The co-leader of New Zealand’s Māori Party didn’t mince words Tuesday when asked about Meghan Markle and Prince Harry’s revelation that the royal family were concerned about the colour of their baby’s skin before he was born.
“The Crown? I mean, I don’t know why everyone’s so surprised that the Crown’s racist,” said Debbie Ngārewa-Packer, a member of New Zealand’s Parliament who leads the Māori Party alongside Rawiri Waititi.
Ngārewa-Packer has been a fierce critic of the Crown. In her maiden speech to Parliament last year, she condemned the historic treatment of New Zealand’s Māori people by the royal family’s representatives.
“I stand here as a descendant of a people who survived a holocaust, a genocide, sponsored by this House and members of Parliament whose portraits still hang from the walls,” she told the House in her powerful opening statement. “Members of Parliament who sought our extermination and created legislation to achieve it.”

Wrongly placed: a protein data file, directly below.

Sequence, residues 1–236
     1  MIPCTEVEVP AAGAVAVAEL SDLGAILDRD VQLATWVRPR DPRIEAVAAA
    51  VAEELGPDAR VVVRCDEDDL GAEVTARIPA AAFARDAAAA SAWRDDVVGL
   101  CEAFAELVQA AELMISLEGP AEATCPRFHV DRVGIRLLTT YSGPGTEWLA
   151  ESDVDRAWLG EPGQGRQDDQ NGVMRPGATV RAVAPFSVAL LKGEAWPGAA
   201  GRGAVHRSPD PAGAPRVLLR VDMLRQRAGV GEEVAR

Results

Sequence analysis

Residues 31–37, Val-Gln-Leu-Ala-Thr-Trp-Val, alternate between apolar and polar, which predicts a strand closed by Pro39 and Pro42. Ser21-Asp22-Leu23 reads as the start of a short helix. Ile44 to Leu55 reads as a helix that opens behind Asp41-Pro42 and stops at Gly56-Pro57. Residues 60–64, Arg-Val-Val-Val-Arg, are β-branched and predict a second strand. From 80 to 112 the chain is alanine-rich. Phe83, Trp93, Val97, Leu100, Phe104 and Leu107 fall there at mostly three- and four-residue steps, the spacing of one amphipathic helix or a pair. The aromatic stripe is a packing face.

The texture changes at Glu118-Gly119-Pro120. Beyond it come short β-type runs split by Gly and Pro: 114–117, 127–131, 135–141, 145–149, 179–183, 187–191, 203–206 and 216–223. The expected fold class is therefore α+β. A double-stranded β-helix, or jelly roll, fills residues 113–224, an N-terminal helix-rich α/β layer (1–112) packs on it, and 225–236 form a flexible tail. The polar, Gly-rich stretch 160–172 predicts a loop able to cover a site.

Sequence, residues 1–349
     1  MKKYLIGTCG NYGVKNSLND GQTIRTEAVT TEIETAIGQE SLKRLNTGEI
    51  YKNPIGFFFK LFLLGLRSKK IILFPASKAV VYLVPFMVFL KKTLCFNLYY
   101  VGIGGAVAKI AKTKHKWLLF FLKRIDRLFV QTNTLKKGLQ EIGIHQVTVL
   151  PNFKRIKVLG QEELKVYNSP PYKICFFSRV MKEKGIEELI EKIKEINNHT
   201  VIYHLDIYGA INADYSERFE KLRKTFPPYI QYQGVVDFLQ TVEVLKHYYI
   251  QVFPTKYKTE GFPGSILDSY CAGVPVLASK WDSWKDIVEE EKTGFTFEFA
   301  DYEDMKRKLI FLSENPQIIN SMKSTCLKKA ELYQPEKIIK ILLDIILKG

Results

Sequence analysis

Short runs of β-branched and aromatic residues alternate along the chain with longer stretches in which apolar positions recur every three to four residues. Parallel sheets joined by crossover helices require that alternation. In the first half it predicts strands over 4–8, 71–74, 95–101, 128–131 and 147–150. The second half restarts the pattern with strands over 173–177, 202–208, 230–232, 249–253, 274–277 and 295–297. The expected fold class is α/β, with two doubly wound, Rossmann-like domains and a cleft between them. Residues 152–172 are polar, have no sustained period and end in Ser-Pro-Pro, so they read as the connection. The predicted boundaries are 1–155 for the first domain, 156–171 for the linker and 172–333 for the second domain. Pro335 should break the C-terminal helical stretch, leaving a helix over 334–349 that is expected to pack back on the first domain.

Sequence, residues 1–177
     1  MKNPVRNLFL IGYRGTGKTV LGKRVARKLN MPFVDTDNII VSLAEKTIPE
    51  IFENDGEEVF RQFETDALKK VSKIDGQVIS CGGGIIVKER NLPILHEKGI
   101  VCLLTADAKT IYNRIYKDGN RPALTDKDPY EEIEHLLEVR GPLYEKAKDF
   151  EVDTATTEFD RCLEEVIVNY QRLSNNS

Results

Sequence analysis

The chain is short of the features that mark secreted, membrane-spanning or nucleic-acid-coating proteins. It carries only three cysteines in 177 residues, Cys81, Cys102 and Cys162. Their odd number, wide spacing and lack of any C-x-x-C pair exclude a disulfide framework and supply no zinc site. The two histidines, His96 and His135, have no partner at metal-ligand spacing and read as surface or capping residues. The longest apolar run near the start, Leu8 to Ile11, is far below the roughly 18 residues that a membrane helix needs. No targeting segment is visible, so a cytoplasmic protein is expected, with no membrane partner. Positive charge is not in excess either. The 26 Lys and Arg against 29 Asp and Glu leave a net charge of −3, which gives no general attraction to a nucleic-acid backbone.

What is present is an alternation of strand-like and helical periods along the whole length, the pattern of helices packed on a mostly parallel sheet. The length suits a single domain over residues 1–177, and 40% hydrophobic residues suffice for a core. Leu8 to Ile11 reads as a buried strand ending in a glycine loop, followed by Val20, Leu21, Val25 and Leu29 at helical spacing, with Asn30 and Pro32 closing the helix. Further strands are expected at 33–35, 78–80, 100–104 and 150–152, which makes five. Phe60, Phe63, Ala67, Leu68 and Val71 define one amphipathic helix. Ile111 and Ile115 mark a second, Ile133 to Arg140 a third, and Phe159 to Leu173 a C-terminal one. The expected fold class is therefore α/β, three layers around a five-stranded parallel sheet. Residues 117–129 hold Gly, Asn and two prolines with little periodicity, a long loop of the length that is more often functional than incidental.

They took her people’s lands, imprisoned them without trial, murdered and raped women and children, and deliberately “engineered our displacement for generations to come,” she said.
Māori people for decades suffered losses of life, culture, land, resources and power to the British Crown following the 1840 signing of the Treaty of Waitangi, the nation’s founding document. During conflict and British invasions in the 1860s, the government passed legislation allowing the confiscation of land from Māori tribes, the effects of which would be felt culturally and economically for decades.
The British monarchy has dominated the news cycle this week following bombshell allegations of racism and mistreatment from the Duke and Duchess of Sussex in an interview with Oprah Winfrey that aired Sunday night.